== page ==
Pacemakers Could Be Replaced By Light Beams As Tests Show They Stop Irregular Heart Rhythms

'These are very important results.'

13/09/2016 10:51

A new painless treatment could replace pacemakers in patients at risk of arrhythmia, administering light beams instead of electric pulses.

Lab tests have shown that administering gentle beams of light can tame otherwise lethal heart disorders in mice hearts, and a computer simulation of a human heart. 

Patients who suffer from irregular heart rhythms are currently treated with pacemakers, which administer harsh electric shocks that are painful and can further damage heart tissues.

Science Photo Library - IAN HOOTON. via Getty Images

But these new tests could pave the way for a new type of implantable defibrillator that is safer and gentler.

The team, who published the study in the journal of Clinical Investigation, conducted tests on beating mouse hearts whose cells had been genetically engineered to express proteins that react to light. 

A light pulse of one second applied to the heart was enough to restore normal rhythm in a rodent heart. They also performed an experiment on a computer model of a human heart.

The team were confident that the heart would react in the same way, but they did have to use red light instead of blue light on the larger human organ as the blue light has a shorter wavelength so isn’t powerful enough.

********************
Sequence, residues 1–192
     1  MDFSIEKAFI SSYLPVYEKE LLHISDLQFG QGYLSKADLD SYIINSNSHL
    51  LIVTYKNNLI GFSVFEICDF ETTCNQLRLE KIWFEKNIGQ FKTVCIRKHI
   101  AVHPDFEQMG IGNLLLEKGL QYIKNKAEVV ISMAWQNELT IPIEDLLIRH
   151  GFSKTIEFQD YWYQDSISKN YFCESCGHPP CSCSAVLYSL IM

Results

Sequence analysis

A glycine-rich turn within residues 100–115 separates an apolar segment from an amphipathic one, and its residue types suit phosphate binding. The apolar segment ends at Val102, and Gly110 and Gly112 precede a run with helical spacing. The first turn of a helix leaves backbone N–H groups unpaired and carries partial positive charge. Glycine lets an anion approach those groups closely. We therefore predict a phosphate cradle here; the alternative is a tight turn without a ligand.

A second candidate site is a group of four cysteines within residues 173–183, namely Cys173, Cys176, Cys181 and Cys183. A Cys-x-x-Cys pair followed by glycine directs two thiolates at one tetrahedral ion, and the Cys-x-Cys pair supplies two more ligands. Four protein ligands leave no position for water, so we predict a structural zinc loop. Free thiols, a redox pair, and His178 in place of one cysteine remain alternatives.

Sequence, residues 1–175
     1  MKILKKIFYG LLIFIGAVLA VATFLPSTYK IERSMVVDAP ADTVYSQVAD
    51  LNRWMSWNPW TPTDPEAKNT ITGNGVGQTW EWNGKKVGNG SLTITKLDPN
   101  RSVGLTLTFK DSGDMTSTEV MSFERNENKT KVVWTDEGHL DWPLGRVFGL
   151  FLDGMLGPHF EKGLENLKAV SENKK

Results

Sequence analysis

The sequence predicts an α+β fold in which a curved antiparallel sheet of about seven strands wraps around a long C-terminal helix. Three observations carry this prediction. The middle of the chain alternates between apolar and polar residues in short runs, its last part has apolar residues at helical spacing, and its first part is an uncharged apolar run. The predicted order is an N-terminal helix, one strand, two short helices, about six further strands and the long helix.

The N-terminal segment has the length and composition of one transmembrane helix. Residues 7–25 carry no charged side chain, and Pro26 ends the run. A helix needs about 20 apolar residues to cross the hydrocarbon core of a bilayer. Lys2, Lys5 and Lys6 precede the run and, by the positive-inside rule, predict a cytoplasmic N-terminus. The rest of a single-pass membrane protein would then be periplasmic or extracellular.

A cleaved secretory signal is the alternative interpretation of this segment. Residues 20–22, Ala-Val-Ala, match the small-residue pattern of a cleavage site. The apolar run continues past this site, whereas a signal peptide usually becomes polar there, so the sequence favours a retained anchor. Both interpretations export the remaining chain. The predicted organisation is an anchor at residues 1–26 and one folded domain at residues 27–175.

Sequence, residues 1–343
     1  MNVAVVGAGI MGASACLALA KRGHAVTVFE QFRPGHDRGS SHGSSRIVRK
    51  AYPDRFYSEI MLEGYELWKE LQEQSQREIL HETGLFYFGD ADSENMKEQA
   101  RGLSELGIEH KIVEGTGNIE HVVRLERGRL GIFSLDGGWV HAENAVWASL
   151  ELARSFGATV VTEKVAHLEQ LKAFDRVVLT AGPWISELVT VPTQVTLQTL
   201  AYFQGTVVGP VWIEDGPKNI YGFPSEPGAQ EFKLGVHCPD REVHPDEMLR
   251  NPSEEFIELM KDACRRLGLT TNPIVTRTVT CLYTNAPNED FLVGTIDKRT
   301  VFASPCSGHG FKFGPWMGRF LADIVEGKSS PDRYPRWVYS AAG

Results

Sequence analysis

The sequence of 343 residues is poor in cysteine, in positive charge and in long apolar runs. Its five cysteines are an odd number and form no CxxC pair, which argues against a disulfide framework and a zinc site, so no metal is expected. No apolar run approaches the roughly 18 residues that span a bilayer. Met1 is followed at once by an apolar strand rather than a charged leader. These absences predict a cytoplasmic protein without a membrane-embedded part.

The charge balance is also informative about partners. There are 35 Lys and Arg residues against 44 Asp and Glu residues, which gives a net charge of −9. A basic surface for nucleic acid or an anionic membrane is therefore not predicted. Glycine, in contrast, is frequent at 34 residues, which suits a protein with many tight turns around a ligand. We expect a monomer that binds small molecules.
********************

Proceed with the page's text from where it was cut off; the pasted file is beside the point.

Tobias Bruegmann, one of the lead authors said: “It shows for the first time experimentally that light can be used for defibrillation of cardiac arrhythmia.”

The NHS estimates that 2 million people in the UK suffer with Arrhythmias or heart rhythm problems. This kills 100,000 people in the UK every year. Some of these deaths could be avoided if the arrhythmias were diagnosed earlier.

Common triggers for an arrhythmia are viral illnesses, alcohol, tobacco, changes in posture, exercise, drinks containing caffeine, and certain over-the-counter, prescribed and illegal recreational drugs.

The new method is still in the basic stages of testing and trials but provides “important results” in the future of treating heart problems.

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